State-of-the-art Neurosurgery Suite will Bridge the Gap between Research and Clinical Care

Photos by David Henke

“This was something that was just theoretical when I was a medical student, and now we are able to deliver cutting-edge technology and research to patients at the bedside,” said Alexander McKinney, MD, a professor in the Department of Radiology, vice chair of Research and director of Informatics and Neuroradiology at the University of Minnesota Medical School. 

From groundbreaking to the first patient, the new surgical suite, or “T-Suite,” at M Health Fairview University of Minnesota Medical Center took a little over a year to construct, but the concept of melding clinical technology and research technology had been evolving for decades. It was something Dr. McKinney had been personally dreaming about even before medical school. 

A view of the scanner.

“The nurse that first brought me into this room has been here 25 years,” Dr. McKinney said, looking around the T-Suite. “I knew him through my Mom, who was a nurse here for 30 years. When she saw what we're going to be delivering here at the University of Minnesota, she was very proud of me. She said, ‘My son, he's finally doing what I always envisioned him doing.’ I'm excited to make my Mom proud.”

The suite has four rooms, three of which are operating rooms that can be customized for different procedures. One of those rooms can be used for laser ablation, which cannot be performed in a traditional operating room setting. Another can be used for endovascular (catheter-based) procedures like embolization and stroke treatment. Through this multi-room setting, a person undergoing a complex, multi-stage surgery can move for each stage of their procedure, often only needing to undergo anesthesia once. This allows their treatment to be completed over the span of one day as opposed to multiple. 

A 3-Tesla MRI scanner travels on a ceiling-mounted rail system between and into the operating rooms to provide diagnostic-quality intraoperative images, delivering real-time information to clinicians while the patient is on the surgical table. Once positioned for surgery, the patient will never need to be transferred for scanning—before, during or after a procedure. This helps clinicians view the images without transferring the patient to the scanner, thus reducing the risk of infection to the patient. Effectively, it creates a new opportunity for neurosurgeons to check their work immediately.

“The building of this suite at the University of Minnesota is an appropriate nod to our legacy of being the first in many of the advances in imaging and in surgery. We had one of the very first intraoperative MRIs in the United States. And so, it is appropriate that this first also occurs at the University of Minnesota,” said Clark C. Chen, MD, PhD, professor, Lyle French chair and head of the Department of Neurosurgery.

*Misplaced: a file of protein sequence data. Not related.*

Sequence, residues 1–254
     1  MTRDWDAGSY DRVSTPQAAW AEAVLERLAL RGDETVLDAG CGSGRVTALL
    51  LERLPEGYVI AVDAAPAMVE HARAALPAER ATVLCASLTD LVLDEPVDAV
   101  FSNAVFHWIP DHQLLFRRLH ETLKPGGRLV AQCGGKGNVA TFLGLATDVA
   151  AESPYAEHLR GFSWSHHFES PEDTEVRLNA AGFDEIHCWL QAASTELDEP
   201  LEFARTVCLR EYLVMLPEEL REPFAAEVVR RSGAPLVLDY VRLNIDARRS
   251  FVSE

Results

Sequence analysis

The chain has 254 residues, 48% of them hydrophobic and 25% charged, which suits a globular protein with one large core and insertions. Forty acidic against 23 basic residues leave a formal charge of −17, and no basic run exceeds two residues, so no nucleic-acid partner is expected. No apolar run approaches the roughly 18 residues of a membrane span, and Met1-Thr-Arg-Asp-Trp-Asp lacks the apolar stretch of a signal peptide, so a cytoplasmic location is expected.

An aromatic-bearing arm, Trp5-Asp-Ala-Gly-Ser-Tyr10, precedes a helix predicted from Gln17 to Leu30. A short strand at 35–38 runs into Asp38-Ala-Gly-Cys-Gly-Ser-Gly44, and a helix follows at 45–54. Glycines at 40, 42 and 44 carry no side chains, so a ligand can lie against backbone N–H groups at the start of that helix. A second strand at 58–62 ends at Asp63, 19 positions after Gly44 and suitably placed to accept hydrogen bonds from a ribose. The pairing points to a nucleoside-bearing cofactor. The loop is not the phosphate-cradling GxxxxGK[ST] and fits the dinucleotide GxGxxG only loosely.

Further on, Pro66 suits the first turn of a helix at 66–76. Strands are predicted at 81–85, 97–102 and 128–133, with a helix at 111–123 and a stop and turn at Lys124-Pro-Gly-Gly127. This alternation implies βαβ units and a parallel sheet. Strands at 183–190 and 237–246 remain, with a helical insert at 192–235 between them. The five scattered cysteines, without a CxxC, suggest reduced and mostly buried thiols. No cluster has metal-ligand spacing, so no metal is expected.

A view through the scanner to another room in the T-Suite.

This real-time imaging during surgery can also improve outcomes for people with other neurological conditions, including stroke and Parkinson’s disease. Real-time imaging can help physicians understand how neural connectivity changes in the brain as a surgery progresses, allowing stroke or Parkinson’s disease specialists a better opportunity to tailor surgical treatment to the patient.

Dr. Chen and Charles Dietz, MD, the chair of the Department of Radiology, worked with local Minnesota company IMRIS to customize the ideal system, which also includes an observer suite where physicians from all over the world can visit and observe the cutting-edge procedures and milestones happening in the adjacent rooms. 

“This space will uniquely allow us to study things we didn’t understand previously. For example, why is it that patients feel no pain under general anesthesia? We know it works, but we don't know how it works,” Dr. Chen said. 

Experts like Drs. Dietz, McKinney and Chen look forward to the promise of the T-suite, and how it works to help bridge the gap between research and clinical care. 

“To truly actualize the potential of the space, we need expertise from so many different fields—radiology, physics, neurosurgery, biology and neurosciences. By having the suite located at the University of Minnesota, in collaboration with the Fairview Health System, we have the aggregate of that expertise in ways that other places cannot match,” Dr. Chen said. “It took a whole team of people to make this dream come true. Seeing this is like seeing the sunrise on top of the Himalayas. It’s that extraordinary feeling that you can't quite explain.”

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